Rupert Murdoch has given a vote of confidence to the head of his troubled British newspaper business as he prepares to fly to London to handle the fallout of a phone hacking crisis that has tarnished his media empire.
Asked at a conference in Idaho on Saturday whether Rebekah Brooks, the chief executive of the News Corp-owned News International company, had his support, Murdoch said his support for Wade was "total".
"I'm not throwing innocent people under the bus," he added. "We've been let down by people that we trusted, with the result the paper let down its readers."
The arrival in the UK of the 80-year-old News Corp chief executive, expected on Sunday, coincides with the publication of the final edition of the News of the World, the now-notorious Sunday tabloid newspaper at the centre of the scandal.
The 168-year-old newspaper, famous for its populist and lurid headlines often exposing the indiscretions of celebrities and politicians, has been the UK's best selling Sunday title for years, selling more than 2.6 million copies a week. The final edition is expected to sell millions more.
Its final front page headline, published online on Saturday night, read: "Thank you and goodbye."
In an editorial published on its website, the paper said it had "lost its way".
"Phones were hacked, and for that this newspaper is truly sorry. There is no justification for this appalling wrong-doing. No justification for the pain caused to victims, nor for the deep stain it has left on a great history."
British police arrested Andy Coulson on Friday - the former spokesperson for David Cameron, the UK prime minister - who had resigned as News of the World editor in 2007 after one of his reporters and a private investigator were convicted of hacking into the phones of aides to the royal family.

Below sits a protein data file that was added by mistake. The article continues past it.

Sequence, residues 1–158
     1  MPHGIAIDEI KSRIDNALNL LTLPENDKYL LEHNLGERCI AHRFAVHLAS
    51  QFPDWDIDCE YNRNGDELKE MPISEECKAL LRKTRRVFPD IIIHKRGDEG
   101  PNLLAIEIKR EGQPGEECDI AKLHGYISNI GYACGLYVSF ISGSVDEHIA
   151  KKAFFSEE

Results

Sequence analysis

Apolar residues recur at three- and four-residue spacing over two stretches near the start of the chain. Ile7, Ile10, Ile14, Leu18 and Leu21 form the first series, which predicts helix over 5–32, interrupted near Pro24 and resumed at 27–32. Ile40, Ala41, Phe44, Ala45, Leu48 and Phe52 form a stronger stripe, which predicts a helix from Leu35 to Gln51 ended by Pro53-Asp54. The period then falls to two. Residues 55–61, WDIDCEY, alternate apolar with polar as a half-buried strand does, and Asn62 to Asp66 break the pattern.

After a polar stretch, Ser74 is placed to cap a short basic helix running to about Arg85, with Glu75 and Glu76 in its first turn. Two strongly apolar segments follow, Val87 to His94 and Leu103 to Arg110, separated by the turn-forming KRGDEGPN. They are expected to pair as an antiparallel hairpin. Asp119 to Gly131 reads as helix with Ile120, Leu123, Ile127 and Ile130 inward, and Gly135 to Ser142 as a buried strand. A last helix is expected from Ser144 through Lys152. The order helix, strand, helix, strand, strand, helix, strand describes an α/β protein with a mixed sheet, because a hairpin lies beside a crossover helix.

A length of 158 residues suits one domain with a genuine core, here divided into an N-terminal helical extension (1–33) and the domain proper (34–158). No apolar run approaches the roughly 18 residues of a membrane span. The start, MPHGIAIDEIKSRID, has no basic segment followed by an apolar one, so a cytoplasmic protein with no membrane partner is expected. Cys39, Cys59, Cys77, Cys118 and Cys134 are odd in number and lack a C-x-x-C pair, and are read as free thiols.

Coulson was later released on bail until October. Asked if he was being made a scapegoat for the scandal, he told reporters: "I can't say any more at this stage. There's a lot I'd like to say, but I can't."
After years of allegations about hacking the voicemail of celebrities and politicians in search of stories, the scandal reached a tipping point earlier this week when it was alleged that in 2002 the paper had listened to the voicemail of Milly Dowler, a missing schoolgirl who was later found murdered, and even deleted some of her messages to make way for more.
That claim, and allegations that a growing list of victims included Britain's war dead and the families of those killed in the 2005 London transport bombings, outraged readers and caused many brands to pull advertising from the title.
Murdoch, who began News International in the 1960s, is bidding buy to takeover British satellite broadcaster BSkyB, and analysts say that deal could be jeopardised if British regulators impose tougher rules in response to new concerns around News Corp's dominance in British media.
Cameron's opponents on the left want to block the $22bn bid on the grounds it would give Murdoch too much political clout.